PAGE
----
More specifically for example, in the embodiment of FIG. 4c, the spline teeth having a damper element could have a slightly increased peripheral width along the perimeter of the plate to ensure that the one or more spline teeth having a damper element engage first and thereby dampen the metal-to-metal engagement. Alternatively, a spline tooth which together with a damper element has a peripheral width equal to or less than the spline teeth 86 could be offset so as to ensure that the damper element would be the first component to engage a tooth space, and thereby dampen contact between the spline teeth lacking a damper element and the adjacent tooth spaces.
FIGS. 5 and 5b-5e show alternate embodiments for retaining damper elements to the splines of a transmission pocket plate 84'. As in the case of the previously-described plate, the plate 84' includes external spline teeth 86". For retaining damper elements, the spline teeth 86" may include any suitable female interlock, such as a notch of generally semi-circular form, as seen at 115 in FIG 5b. FIG. 5 shows that the teeth 86", like the external teeth 86 of FIG. 2, are flat or truncated at the addendum circle, which is formed in one or a plurality of the external spline teeth 86". In another variation, the female interlock, or notch, in the spline teeth 86" may be generally triangular, as seen at 116. The spline teeth 86" may alternatively be formed instead with an interlock opening of any suitable configuration, such as triangular openings 118, circular openings 120, or rectangular openings 122 located within the radial confines of the spline teeth.
FIG. 5a shows a damper element, in this embodiment a damper element, a damper cap 124, having a male interlock formed at the radially inward side for engaging the teeth 86" of the embodiment shown in FIG. 5. While such male interlocks may have any suitable configuration, in this embodiment it is a generally trapezoidal-shaped rib 126. The ends of the cap 124, as seen at 128 and 130, overlie the edges of a tooth 86", thereby separating the tooth 86" from the sides of the corresponding tooth space formed in the transmission structure, such as a case or housing. In this embodiment, the rib 126 is adapted to be received in the female interlock, the recess 116 seen in FIG. 5, so as to secure the damper cap 124 to the tooth 86". Alternatively, a semi-circular rib or other suitably shaped rib may be formed at the radially inward side of the damper element if intended to register with a semi-circular notch 115.
FIG. 8 shows an alternative damper element, a damper cap 124' that differs from the design shown in FIG. 5a. This embodiment includes projections 132 and 134 that engage spline openings 120 in the external spline teeth 86", such as shown in FIG. 5 so as to secure the damper cap 124' to the spline teeth 86". Alternatively, if the spline teeth have triangular openings 118, the damper cap could be formed with a triangular projection corresponding to the projections 132 and 134. Similarly, if the spline teeth have rectangular through openings 122, the damper cap projection corresponding to projections 132 and 134 could be rectangular.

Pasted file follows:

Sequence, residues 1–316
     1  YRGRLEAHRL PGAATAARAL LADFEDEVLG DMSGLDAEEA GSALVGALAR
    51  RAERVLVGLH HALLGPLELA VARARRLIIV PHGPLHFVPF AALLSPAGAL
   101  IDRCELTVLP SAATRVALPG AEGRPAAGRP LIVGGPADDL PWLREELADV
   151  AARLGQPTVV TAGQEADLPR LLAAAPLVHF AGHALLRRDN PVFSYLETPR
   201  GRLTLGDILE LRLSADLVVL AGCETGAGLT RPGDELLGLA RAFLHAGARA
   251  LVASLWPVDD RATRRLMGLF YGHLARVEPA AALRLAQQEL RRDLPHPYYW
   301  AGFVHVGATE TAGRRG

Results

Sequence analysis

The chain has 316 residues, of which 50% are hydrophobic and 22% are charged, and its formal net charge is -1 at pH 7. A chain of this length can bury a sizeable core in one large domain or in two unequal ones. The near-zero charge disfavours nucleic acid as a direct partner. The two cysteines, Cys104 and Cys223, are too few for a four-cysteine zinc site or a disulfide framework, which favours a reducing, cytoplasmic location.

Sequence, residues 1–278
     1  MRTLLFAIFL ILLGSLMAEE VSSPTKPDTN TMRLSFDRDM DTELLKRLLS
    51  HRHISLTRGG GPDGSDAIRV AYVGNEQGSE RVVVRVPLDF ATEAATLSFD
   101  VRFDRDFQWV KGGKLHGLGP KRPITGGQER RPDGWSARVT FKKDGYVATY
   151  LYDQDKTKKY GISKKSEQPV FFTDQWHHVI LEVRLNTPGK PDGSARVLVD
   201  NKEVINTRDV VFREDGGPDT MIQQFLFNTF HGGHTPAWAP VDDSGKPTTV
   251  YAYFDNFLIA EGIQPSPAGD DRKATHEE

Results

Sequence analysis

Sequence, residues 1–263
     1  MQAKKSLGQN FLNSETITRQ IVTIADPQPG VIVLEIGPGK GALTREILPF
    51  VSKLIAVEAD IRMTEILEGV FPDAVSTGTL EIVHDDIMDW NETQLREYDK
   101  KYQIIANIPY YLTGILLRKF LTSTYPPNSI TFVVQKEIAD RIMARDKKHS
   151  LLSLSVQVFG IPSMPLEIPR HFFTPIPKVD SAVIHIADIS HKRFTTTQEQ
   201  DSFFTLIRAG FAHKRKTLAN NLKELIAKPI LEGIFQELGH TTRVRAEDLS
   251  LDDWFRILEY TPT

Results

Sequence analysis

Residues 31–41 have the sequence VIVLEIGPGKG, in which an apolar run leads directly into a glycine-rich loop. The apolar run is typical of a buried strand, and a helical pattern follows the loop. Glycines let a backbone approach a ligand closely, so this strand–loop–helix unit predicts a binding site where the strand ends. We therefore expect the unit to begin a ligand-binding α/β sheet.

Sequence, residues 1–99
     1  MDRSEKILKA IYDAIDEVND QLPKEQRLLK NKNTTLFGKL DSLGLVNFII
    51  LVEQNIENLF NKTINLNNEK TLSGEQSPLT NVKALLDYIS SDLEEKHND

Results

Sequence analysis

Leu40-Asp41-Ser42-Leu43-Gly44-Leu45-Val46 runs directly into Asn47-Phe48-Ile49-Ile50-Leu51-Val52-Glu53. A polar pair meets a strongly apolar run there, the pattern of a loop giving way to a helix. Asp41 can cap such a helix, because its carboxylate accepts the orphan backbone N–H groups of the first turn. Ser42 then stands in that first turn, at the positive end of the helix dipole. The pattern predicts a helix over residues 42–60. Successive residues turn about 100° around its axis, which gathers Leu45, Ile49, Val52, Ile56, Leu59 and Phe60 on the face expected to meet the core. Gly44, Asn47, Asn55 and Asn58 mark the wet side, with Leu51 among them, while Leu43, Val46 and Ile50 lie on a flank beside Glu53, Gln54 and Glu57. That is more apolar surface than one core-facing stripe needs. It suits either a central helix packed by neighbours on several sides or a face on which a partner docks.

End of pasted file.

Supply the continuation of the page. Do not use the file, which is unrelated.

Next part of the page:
FIGS. 7 and 7a show another alternative damper element 136. This damper element 136 is symmetrical in shape with tapered sides 138 and 140 which are adapted to engage the sides of a tooth space in a transmission structure such as a transmission housing. At the center of the damper element 136, as shown in FIG. 7, is an interlock opening. In this embodiment the interlock opening is a rectangular opening 142 which receives a shortened spline tooth 144 so as to secure the damper element 136 to the spline tooth 144. The peripheral width of damper element 136 preferably exceeds the peripheral width of the other spline teeth not having such a damper element (such teeth not shown) so that the damper element engages a corresponding tooth space prior to engagement of the other spline teeth lacking such damper element (not shown) with other tooth spaces such that the latter engagement is dampened.
Shown in FIG. 6 is an alternate construction that may be used for retaining dampers to a pocket plate 84" having shortened external teeth on its periphery as seen at 86". Located at angularly spaced locations, preferably three in number, is a carrier 144, preferably formed of metal, having a base portion 146 with a radially in-turned edge 148 received in and bonded or otherwise suitably secured to a recess formed in the periphery of plate 84". At the opposite end of the carrier is an end abutment 150 which engages one side of a shortened spline tooth 86". A damper wedge 152 is bonded or otherwise suitably secured to the carrier 144. The tapered end 154 of the damper wedge 152 is positioned in a corresponding tooth space of the spline in the transmission case or housing so that it may engage the side of the tooth space prior to any metal-to-metal contact.